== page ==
And before you say that we live in a parallel universe and that there would be no way to enforce something like this should governments do not exist, allow us to remind you that Private Investigators and Mediation processes and procedures are on the rise throughout the entire world. This is so precisely because of government failure.

Think about it. In Indonesia the Criminal Investigation Police is in charge. How much are they being paid to do so? Close to minimum wages. How much incentive do you think they have to do something meaningful? Not much. But now consider this.

What would happen should the total value of all damages on the table would be about $10 Billion USD? Investigators and mediators would flock to Indonesia leaving no stone (or leaf of grass) unturned. Won’t happen? Can’t happen? It did happen and it continues to happen. We give you the Bophal disaster in India. Not a perfect example but an example nevertheless of private action moved by self-interest.

Now let’s go back to our Libertarian system. Do you honestly believe that any company in Indonesia in their right mind would choose to burn knowing not only that if they do so they would be instantly in debt without any reasonable chance to escape? Not only that, but that the debt would be so monstrous as to instantly bankrupt the company, leaving all shareholders and officials in debt for life?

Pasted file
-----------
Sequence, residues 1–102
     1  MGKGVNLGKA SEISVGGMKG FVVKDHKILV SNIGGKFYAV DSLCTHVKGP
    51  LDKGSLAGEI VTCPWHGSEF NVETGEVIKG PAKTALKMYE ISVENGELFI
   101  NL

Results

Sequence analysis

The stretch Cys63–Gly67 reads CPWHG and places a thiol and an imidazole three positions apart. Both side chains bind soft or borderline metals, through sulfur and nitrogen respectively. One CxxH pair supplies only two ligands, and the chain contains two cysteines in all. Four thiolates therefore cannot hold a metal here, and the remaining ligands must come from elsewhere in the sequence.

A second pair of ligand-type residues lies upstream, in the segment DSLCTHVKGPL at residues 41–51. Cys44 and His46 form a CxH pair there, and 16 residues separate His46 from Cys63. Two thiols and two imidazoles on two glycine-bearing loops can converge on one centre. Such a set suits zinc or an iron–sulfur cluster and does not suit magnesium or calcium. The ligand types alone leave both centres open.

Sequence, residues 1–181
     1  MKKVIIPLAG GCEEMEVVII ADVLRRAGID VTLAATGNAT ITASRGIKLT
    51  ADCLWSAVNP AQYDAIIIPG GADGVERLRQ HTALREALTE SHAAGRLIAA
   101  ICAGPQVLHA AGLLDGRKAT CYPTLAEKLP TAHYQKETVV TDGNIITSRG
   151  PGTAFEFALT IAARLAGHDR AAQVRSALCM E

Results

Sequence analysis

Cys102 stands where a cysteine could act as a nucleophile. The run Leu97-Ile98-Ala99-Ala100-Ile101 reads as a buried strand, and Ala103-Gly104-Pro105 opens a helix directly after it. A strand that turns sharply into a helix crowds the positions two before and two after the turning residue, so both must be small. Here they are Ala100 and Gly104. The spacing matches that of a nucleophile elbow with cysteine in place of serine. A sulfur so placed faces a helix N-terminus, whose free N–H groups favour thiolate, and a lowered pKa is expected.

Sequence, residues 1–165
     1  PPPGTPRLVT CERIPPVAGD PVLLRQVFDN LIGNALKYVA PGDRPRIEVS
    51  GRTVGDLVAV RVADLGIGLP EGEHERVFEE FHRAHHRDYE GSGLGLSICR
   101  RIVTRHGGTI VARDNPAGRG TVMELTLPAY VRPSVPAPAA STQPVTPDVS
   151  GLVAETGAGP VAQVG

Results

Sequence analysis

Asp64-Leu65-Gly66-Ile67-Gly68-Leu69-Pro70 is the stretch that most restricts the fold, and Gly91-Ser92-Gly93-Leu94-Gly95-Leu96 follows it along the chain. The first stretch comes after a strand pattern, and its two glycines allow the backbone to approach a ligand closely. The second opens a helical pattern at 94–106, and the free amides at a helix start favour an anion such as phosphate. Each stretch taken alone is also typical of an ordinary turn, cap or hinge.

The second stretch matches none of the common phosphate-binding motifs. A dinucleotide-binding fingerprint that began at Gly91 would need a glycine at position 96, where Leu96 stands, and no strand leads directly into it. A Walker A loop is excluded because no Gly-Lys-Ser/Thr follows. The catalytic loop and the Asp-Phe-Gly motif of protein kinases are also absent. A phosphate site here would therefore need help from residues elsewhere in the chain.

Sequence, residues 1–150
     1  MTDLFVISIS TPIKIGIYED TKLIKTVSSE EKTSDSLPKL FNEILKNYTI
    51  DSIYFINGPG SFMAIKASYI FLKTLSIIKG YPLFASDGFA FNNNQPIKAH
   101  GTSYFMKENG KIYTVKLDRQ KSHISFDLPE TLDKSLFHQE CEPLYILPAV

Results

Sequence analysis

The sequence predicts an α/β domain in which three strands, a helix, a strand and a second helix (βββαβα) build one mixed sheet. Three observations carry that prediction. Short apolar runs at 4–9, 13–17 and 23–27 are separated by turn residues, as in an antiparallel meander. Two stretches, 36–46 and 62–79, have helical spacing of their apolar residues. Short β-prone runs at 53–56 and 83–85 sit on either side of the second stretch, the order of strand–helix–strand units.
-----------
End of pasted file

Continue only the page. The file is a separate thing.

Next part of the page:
Of course not!

And there it is!

Ecology through self-interest. It simply works.

Look, this is not complicated. Everywhere in the planet is the same story. Do you think you are safe just because you don’t live in Indonesia? Think again. In your country you may not have forest clearing by fire, but you have other similar problems exacerbated by other similar politicians. The lesson here is that nobody is safe. Anywhere.

CONCLUSION

What is going up in smoke in Indonesia is not only vegetation but the opportunity for a good life for generations of Asian people. What they are getting is higher taxes, debt, ineffectiveness and health damages. Courtesy of the Indonesian government.

But it does not have to be this way, you think. The government can do more, you believe. The laws must be amended, you say. The police can be given directions and made more effective in their investigations, you imply.

Fair enough. Question for you. For how long can you hold your breath? No, it’s not a rhetorical question. It is a practical one because so far in over 70 years the government has failed miserably. Just sayin….

Note: please see the Glossary if you are unfamiliar with certain words.